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Galopade was one of the most important mares ever imported into the U.S. She had three exceptional daughters -- Fandango (1836), Cotillion (1837), and Reel (1838), who were the foundation of what is sometimes called the "Dance" family, for obvious reasons. The branch of Family 23 springing from Galopade in America produced such horses as the legendary Domino, who was inbred three times to it, leading sire Hamburg, and U.S. Triple Crown winner Affirmed. It is still going strong, producing such champions as the Canadian champ, Chris Evert, and Winning Colors, one of the few mares to win the Kentucky Derby.

Galopade was bred in England by a North country turfite, Colonel King, of Ashby, Lincolnshire, and foaled in 1828. Her dam, Camillina, by Camillus, was a fair race mare who ran in top company during her only season at age 3. She won three and placed second twice in her six races, her wins including the 2 mile Champion Stakes at Lincoln; the only race in which she ran unplaced was the Doncaster St. Leger which was won by Memnon that year. Her sire, Catton, ran for six successive years in the north of England in the colors of his breeder, the Earl of Scarsborough. He won a number of races, and seldom failed to place; his wins included the Doncaster stakes three years in a row, the York Gold Cup twice, and the Great Subscription Purse at York three successive times.
Grey filly 1828.
By Catton - Camillina by Camillus.
Darley Arabian Sire line:
Eclipse Branch.
Family #23 - b.

Her sire, Catton

Catton was a popular north country stallion after he retired as a public stallion at various locations around Yorkshire, and his offspring included Derby winner Mundig, Royal Oak, and Trustee, the latter imported into the U.S. and subsequently an influential sire who got top racehorses Revenue and Peytona, among others.

Galopade ran twice as a two year old, her only season. She ran second in a sweepstakes at Beverley, and she won a sweepstakes over a mile at Lincoln. She was imported around 1833 - 34, apparently into Canada, and was bred to American Eclipse in 1834, but did not catch. That year or early in 1835, she was purchased by Irish-born James Jackson of Alabama, one of the most influential of all early American breeders, who had successful businesses in Nashville and New Orleans, but whose stud farm, called Forks of the Cypress,was in Alabama .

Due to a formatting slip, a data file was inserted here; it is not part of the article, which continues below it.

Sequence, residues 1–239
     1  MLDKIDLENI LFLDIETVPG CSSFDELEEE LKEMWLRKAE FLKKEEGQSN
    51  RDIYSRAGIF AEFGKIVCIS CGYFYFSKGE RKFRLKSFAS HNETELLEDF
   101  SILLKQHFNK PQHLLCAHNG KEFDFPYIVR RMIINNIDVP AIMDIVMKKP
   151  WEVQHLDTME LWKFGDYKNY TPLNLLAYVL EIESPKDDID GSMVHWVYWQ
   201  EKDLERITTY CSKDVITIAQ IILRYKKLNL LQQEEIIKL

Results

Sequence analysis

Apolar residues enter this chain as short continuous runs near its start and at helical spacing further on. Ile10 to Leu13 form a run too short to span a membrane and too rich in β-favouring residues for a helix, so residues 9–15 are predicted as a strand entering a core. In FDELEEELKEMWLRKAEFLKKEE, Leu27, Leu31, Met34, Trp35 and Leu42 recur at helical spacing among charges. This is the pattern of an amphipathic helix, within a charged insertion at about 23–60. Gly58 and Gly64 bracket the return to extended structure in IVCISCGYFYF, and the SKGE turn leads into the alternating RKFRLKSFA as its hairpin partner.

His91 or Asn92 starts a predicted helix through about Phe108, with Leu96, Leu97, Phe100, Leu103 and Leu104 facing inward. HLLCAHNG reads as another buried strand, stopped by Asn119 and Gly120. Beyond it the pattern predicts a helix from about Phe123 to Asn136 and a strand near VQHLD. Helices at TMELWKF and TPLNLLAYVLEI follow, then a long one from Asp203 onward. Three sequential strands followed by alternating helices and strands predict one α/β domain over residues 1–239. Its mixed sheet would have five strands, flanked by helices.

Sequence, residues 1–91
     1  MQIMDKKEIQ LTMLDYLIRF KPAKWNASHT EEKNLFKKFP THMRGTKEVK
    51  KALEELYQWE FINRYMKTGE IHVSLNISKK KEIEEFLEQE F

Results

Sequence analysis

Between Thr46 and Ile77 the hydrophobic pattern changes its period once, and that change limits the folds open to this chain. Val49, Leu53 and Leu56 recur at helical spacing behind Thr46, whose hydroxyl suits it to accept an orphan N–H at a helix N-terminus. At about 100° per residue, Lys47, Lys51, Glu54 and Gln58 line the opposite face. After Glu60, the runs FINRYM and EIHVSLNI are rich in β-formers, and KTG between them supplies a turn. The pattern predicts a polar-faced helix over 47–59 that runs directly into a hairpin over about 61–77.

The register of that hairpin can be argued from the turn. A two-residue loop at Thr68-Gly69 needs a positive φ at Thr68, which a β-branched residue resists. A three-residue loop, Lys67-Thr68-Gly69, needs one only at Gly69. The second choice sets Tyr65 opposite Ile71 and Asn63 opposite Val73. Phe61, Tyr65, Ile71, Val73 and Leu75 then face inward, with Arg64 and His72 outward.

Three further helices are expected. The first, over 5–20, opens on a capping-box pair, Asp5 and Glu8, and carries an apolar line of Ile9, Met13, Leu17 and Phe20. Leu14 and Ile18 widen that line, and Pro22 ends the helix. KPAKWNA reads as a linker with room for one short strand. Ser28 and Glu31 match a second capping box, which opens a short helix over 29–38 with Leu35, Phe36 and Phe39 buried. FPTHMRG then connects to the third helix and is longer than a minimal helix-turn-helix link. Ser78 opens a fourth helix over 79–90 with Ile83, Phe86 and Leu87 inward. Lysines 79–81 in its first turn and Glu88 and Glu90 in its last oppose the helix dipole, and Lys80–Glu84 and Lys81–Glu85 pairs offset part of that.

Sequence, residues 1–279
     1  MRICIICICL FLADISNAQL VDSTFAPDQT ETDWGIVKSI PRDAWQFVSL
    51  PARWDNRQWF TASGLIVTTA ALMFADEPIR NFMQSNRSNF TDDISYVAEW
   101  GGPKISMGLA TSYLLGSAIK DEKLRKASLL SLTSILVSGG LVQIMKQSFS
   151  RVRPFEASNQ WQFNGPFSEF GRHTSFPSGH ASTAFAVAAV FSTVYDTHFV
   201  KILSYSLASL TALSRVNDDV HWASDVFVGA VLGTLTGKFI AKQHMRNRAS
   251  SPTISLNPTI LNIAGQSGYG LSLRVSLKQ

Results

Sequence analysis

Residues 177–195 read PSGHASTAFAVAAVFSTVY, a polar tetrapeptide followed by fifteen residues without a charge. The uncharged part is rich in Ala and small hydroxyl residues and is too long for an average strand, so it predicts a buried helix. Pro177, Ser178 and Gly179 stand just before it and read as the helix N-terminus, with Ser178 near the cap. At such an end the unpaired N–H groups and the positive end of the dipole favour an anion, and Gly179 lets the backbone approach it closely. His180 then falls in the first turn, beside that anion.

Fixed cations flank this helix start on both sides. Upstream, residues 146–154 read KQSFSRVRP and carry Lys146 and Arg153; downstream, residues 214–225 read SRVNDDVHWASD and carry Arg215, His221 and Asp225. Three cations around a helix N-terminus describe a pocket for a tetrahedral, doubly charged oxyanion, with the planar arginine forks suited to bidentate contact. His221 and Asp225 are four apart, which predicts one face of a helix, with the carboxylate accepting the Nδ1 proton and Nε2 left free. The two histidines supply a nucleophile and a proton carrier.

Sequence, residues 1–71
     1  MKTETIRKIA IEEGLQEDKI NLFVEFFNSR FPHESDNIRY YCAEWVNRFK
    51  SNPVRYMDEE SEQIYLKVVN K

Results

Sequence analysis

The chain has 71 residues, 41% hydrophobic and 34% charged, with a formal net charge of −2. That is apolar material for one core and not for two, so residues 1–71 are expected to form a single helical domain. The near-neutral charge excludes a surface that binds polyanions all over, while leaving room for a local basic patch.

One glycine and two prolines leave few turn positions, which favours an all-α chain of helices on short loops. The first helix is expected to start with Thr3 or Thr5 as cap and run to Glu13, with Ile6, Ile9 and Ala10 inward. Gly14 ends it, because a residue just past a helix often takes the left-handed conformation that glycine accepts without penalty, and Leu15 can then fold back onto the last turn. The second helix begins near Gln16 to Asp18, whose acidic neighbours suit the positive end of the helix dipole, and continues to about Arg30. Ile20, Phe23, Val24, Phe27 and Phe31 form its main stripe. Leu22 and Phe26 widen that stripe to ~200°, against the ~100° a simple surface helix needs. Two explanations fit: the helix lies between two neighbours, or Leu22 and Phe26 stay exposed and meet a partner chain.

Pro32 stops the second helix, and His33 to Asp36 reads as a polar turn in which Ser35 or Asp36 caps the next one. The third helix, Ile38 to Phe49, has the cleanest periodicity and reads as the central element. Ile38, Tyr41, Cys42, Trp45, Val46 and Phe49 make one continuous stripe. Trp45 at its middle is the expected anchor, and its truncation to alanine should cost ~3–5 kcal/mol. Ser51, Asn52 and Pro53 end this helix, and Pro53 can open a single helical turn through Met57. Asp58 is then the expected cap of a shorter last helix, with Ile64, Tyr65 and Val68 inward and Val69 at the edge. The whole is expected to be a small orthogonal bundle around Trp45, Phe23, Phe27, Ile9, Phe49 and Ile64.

Leviathan sired two top fillies on Galopade. Image used with permission from the National Museum of Racing.
Glencoe got Reel. Image used with permission from the National Museum of Racing.
Her daughter Reel. Image used with permission from the National Museum of Racing.
Jackson imported and stood at stud Leviathan, who became the leading sire in America five times. Leviathan, though owned by Jackson, stood in Tennessee. He also imported Glencoe, purchased for him through the agency of Richard Tattersall, and sent to the U.S. in June of 1836, after standing that spring in England, during which time he got the great mare Pocahontas. In the U.S., Glencoe was a "filly-getter," his daughters proving superior on the race track and in the breeding shed; he was eight times leading sire in the U.S. Glencoe stood at Forks of the Cypressuntil Jackson's death.

After Galopade was purchased by Jackson, she was sent to Tennesse to be bred to Leviathan, and she produced both Fandango (1836) and Cotillion (1837) to him. She was sent to Forks of the Cypress, thereafter, where she was bred to Glencoe every year until her death.

Her first foal by Glencoe was Reel, 1838, followed by the grey filly Cracovienne, 1839, Waltz, a colt of 1840, Jig, a colt of 1842 who was gelded, an 1844 filly named Quadrille, and Hornpipe, a colt of 1846, her last recorded foal. Of the latter Glencoe foals, only Cracovienne was useful.

Fandango, Galopade's first foal, by Leviathan, produced some good runners, such as Rigadoon, and Grizette, who produced winners, and who bred on through her daughter, Geneva. She also produced, in 1843, Judith, by Glencoe, who was fourth dam of Mannie Gray, later celebrated as the dam of the good race filly Correction and the unbeaten two-year-old, Domino. It is through Mannie Gray's daughters that the Fandango line continues to the present. Champion racehorses from this line include Zev, who won two legs of the U.S. Triple Crown; the good racehorse and leading sire Hamburg; Triple Crown winner Affirmed; the broodmare and race filly Twilight Tear; Hollywood Gold Cup winner Criminal Type.

From Cotillion, who was a good racer, came Dance, by Glencoe, and Gallopade Jr., also by Glencoe, both of whom produced winners and bred on through their daughters. Some of the good racehorses from these mares were the top racing filly by Glenelg, Los Angeles; the terrific staying mare Heel-and-Toe; the good mare Mercedes, who produced three outstanding runners, including Runnymede, Travers Stakes winner Barnes, and The Futurity and Gazelle Handicap winner The Butterflies. The champion Canadian filly Dance Smartly was from the Cotillion branch; so was Discovery, a top U.S. broodmare sire.

Galopade's daughter Reel, by Glencoe, ranks as one of the most important American matrons of the nineteenth century. She got ten top class racehorses from thirteen foals, and an influential sire in her son War Dance. It is through her daughter, Fanny Wells, that this branch descends. It includes the champion fillies Two Lea, Chris Evert, and Winning Colors; Chief's Crown, winner of the Breeders' Cup Juvenile, and a number of other top racehorses.

--Patricia Erigero

GALOPADE, grey filly, 1828 - Family # 23
b. 1809
b. 1802
Gohanna Mercury
mare by Herod
Catherine Woodpecker
Lucy Grey
ch. 1804
Timothy Delpini
Lucy Florizel
gr. 1822
gr. 1803
Hambletonian King Fergus
mare by Highflyer
Faith Pacolet
mare by Smolensko
Smolensko Sorcerer
Miss Cannon Orville
mare by Weathercock

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